The resulting dialogue enables the collections to be perceived in a new light and lends a fresh resonance to their lasting modernity.
Edouard Manet, Le Déjeuner sur l'herbe (Lunch on the Grass)
Anthony Caro, Lunch on the Grass II
Anthony Caro has always been deeply interested in the art of classical antiquity and in the paintings of Goya, Cézanne and particularly, Manet. Here, he has set up a correspondence between Manet's Lunch on the Grass and his own sculpture, Lunch on the Grass II (1989, London, Tate Gallery). Caro has had fruitful exchanges with influential critics such as Clement Greenberg and Michael Fried. The latter encouraged Caro's sculptural evolution by introducing the concept of the table, enabling Caro to free his sculptures from the constraint of the base, so achieving more dynamic forms. Resting on an angle, Lunch fans its steel tangles into space in a subtle composition which echoes that of Manet's painting.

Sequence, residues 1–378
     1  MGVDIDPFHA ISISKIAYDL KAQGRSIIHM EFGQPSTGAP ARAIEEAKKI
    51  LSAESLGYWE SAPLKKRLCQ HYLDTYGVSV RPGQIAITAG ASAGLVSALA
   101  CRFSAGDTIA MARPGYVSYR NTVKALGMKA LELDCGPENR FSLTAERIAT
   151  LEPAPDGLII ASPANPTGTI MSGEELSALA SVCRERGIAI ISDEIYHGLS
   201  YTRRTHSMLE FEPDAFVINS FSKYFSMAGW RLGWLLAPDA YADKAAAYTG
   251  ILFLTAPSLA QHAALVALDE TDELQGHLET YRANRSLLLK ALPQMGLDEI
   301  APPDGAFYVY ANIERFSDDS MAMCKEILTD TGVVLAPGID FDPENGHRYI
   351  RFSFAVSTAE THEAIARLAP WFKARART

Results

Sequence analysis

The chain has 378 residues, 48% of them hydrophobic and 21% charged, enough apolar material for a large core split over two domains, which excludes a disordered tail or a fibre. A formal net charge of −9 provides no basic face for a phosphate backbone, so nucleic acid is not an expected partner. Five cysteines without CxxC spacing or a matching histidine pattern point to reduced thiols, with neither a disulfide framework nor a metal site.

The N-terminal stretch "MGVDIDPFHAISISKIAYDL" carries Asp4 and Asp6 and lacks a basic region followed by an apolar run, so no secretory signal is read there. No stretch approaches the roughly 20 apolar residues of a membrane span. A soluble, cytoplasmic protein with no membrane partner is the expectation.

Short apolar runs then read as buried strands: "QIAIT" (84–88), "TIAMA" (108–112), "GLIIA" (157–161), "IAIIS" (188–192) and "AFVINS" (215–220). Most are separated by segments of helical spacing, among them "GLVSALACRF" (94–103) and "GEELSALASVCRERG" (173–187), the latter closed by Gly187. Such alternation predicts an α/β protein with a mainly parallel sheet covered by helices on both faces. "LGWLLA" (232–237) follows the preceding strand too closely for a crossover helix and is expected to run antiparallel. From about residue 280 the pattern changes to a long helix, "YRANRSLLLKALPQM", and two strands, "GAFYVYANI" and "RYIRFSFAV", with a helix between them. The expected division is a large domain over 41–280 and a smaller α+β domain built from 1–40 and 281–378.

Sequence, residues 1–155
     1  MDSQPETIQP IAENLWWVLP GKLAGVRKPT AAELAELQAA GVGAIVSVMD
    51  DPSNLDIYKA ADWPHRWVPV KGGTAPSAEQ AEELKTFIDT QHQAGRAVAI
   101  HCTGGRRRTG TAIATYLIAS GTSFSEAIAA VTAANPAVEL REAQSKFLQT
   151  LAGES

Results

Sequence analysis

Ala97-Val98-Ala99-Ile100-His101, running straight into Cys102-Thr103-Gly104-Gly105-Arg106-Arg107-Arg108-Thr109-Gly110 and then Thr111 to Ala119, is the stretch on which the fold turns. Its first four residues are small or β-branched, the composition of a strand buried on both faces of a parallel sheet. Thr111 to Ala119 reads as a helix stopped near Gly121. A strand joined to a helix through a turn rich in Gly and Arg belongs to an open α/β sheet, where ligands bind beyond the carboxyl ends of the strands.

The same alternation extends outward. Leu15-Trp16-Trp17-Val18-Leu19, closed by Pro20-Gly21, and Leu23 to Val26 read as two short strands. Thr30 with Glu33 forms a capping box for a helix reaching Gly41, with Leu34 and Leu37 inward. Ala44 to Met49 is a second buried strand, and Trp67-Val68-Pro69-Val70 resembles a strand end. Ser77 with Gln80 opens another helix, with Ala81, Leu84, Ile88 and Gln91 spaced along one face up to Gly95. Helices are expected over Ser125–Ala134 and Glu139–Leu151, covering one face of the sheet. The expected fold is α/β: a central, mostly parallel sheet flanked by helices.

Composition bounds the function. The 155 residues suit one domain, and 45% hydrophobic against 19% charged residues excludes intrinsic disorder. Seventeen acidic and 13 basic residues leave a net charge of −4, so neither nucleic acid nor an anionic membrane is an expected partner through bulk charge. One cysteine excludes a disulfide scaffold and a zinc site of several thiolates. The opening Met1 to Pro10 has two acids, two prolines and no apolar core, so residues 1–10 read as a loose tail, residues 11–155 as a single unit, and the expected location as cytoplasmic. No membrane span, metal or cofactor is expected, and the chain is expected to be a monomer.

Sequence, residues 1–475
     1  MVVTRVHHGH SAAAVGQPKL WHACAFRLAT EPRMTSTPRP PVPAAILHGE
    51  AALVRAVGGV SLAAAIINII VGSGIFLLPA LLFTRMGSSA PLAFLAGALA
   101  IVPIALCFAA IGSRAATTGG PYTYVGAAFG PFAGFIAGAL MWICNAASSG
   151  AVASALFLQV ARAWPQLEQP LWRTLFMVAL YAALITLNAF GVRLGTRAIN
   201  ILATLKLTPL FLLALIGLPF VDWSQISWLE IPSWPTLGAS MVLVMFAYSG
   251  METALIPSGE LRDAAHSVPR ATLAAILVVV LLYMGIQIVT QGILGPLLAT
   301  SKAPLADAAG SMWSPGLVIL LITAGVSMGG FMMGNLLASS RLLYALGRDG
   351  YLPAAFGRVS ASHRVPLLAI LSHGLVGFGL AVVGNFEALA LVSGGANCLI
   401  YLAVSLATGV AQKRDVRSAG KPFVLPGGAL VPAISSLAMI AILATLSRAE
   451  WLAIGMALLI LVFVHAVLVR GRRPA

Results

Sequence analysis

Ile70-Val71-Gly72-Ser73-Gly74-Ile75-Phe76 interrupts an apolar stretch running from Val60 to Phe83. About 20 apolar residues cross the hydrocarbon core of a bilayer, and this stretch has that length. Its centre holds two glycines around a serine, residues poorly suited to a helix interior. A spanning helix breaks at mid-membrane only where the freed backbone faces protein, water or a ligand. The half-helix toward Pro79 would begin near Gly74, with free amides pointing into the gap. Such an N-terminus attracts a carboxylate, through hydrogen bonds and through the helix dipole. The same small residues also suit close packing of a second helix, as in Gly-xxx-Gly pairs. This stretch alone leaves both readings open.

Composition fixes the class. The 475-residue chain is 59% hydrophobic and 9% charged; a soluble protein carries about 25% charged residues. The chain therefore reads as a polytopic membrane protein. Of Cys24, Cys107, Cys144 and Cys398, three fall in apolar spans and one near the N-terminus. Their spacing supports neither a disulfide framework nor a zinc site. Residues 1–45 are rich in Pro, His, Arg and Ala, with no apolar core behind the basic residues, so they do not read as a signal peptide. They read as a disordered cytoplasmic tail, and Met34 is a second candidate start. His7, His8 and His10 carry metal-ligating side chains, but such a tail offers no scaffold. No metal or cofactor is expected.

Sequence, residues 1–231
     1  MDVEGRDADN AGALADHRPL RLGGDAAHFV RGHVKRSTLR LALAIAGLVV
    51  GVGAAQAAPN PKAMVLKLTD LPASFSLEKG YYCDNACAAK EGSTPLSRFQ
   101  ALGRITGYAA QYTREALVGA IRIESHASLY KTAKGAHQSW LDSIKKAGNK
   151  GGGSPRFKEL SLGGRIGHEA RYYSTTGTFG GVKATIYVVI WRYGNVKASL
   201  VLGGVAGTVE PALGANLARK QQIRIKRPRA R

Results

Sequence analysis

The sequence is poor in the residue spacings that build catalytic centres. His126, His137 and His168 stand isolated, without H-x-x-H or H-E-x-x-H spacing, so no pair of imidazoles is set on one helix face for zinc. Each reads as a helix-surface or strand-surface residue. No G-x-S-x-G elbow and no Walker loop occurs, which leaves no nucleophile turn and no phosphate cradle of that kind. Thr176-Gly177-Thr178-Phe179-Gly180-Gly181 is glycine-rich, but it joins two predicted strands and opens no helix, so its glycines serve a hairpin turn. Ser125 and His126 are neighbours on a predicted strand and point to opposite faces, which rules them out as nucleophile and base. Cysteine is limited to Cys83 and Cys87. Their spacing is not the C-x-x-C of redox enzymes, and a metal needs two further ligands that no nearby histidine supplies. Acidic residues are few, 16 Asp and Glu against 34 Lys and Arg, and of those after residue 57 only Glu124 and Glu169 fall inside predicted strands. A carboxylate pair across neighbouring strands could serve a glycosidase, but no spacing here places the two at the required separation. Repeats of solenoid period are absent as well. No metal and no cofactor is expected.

Vincent Van Gogh, Autoportrait (Self Portrait)
Braco Dimitrijevic, Triptychos Post Historicus
As early as the 1970s, Braco Dimitrijevic sought to pin point everything which, according to him, had made the history of art into source of error - and thereby an error in itself - such as the importance of contingency and chance, and the narrow limits of time and geography. Following this, he inscribes his work in what he terms Post-History. He has created an installation that continues his series of Triptychos Post Historicus, in which he combines three elements, vegetable matter, a manufactured object, and a work generally considered a "masterpiece" - here Van Gogh's Self Portrait. The series has included installations in other museums employing paintings by Rubens, Delacroix, Turner, Kandinsky, Modigliani and Malevich.
Serge Lemoine, President of the Musée d'Orsay
Periodical48/14, La revue du musée d'Orsay, issue # 20, Spring 2005
Musée d'Orsay / Réunion des musées nationaux